Tag Archives: casting

Resin casting materials

Definitely easy to get overwhelmed with materials. I assume someone pointed you in the direction of Silicone for your molds? Thats first and most important. You can use a lot of other types of rubber for molds, some at even half the price or less than silicone, but believe me silicone is the best and what you saved in money you end up putting back in time and sweat, especially when you’re just starting out, and Silicone is a lot more forgiving.

To start casting some resins are better for certain things than others. All have their pros and cons; like polyester resin is great if you’re doing fiber glassing, want to make clear(ish) parts or just need to save money, but it can be a bit brittle, it reeks to hell and back, so you need ventilation/respirator, and the chemistry involved can be a bit weird as far as calculating how many drops of catalyst to add to the mix, but mess that up and you end up with a sticky toxic mess that will never cure …

Epoxy resins generally will give you better clarity, and doesn’t ‘feel’ as toxic as polyester (respirator is still a good idea) but generally are thicker (like honey or molasses) so you’ll have trouble with air bubbles trying to cast with it, I tend only to use those for water effects in terrain or like clearcoating tabletop/furniture…

The best resin for miniature casting IMO is Urethane resin. Its (usually)a two part 1:1 mix, pretty forgiving if measurements aren’t dead-on, as in you won’t have that sticky mess if its slightly measured wrong. When hardened its pretty similar to plastic, maybe a tad more brittle. My recommendation would be for Instacast from Smooth-on if you can find a local supplier. I live close to this shop, and the owner is a cool guy so I usually get it here; DOUGLAS and Sturgess

This is my Silicone of choice http://www.douglasandsturgess.com/mm5/merchant.mvc?Screen=PROD&Store_Code=DAS&Product_Code=MC-1069&Category_Code=POLYURETHANE-POLYRESINS

or something like this; /https://www.smooth-on.com/products/smooth-cast-305/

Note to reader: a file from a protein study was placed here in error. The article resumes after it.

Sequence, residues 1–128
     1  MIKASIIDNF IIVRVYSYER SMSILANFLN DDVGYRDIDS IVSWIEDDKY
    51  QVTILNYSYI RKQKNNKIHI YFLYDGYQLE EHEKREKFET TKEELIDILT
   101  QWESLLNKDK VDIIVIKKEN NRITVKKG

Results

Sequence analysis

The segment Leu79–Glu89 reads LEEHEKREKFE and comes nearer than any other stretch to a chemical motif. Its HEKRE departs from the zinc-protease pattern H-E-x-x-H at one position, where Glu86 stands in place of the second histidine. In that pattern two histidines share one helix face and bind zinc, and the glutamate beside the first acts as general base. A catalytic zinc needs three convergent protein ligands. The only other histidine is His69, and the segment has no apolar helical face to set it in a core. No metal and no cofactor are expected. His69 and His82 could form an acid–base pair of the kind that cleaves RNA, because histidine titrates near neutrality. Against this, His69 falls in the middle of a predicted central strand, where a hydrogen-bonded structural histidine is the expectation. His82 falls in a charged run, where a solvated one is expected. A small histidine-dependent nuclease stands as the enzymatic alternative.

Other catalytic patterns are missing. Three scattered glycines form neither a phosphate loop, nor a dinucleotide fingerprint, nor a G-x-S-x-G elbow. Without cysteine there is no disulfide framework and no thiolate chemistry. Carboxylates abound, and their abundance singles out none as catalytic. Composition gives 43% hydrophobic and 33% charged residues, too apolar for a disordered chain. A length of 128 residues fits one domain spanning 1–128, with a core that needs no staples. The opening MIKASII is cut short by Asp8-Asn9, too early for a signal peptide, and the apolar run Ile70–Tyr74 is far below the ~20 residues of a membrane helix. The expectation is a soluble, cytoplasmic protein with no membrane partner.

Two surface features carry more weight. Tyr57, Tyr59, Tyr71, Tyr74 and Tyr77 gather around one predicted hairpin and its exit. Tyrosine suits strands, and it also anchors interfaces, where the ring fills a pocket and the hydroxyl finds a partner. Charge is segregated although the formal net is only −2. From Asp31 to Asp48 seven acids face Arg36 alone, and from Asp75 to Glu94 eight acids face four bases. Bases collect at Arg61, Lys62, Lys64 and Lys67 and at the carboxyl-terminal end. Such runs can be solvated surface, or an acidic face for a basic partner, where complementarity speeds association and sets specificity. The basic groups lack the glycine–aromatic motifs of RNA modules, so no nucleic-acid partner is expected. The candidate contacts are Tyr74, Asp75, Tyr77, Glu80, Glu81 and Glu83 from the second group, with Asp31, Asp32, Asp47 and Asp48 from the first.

if you click the smooth-cast section here it breaks down the pot-life vs cure times for their casting resins, you definitely want a few min to get it mixed and poured, (and pressurized if you’re going that route too) but you prolly don’t want to wait overnight for every cast, so 20min-to an hour would be reasonable https://www.smooth-on.com/category/urethane-resin/

The other domestic supplier I’ve had good luck with is Silpak – pretty similar products to Smooth-on and DnS http://www.silpak.com/#

For your first test you should do something simple to get a feel for the process, like bases or a flat.

This icon came from this mold, it was easier to pour a partial cast than try and cut from the panel

For a 3D object like a mini, you’re going to need a box mold, but that gets into planning vents and cutting the mold open, which is another set of challenges

It can be tricky, but once you get the idea it’s not too hard, and I’ll discuss that later


Drab Future toy production

toys_logo

Its been a long road, from prototypes to molds/casting/assembly and painting, but I’m proud to announce that the new Drab future toys will be available through the Zerofriends web store this Friday, (Tomorrow!) and I can’t wait to see what everyone does with theirs.

I’d hoped to do a full write-up including tutorial videos for each step of the process, but sadly my phone was stolen before I could unload all the material I’d been recording. Fortunately I did manage to document a lot of the process and am able to share that with you now.

UntitledLetting the second batch of resin toys cure #drabfutureUntitledCast two of each toy as well as parts for 2 gynoid dolls #drabfuture

I created prototypes for each of the seven characters in Drab Future. These began as kit-bashed models based from various toys, won from skee-ball games, purchased from grocery stores and randomly aquired.

protocrop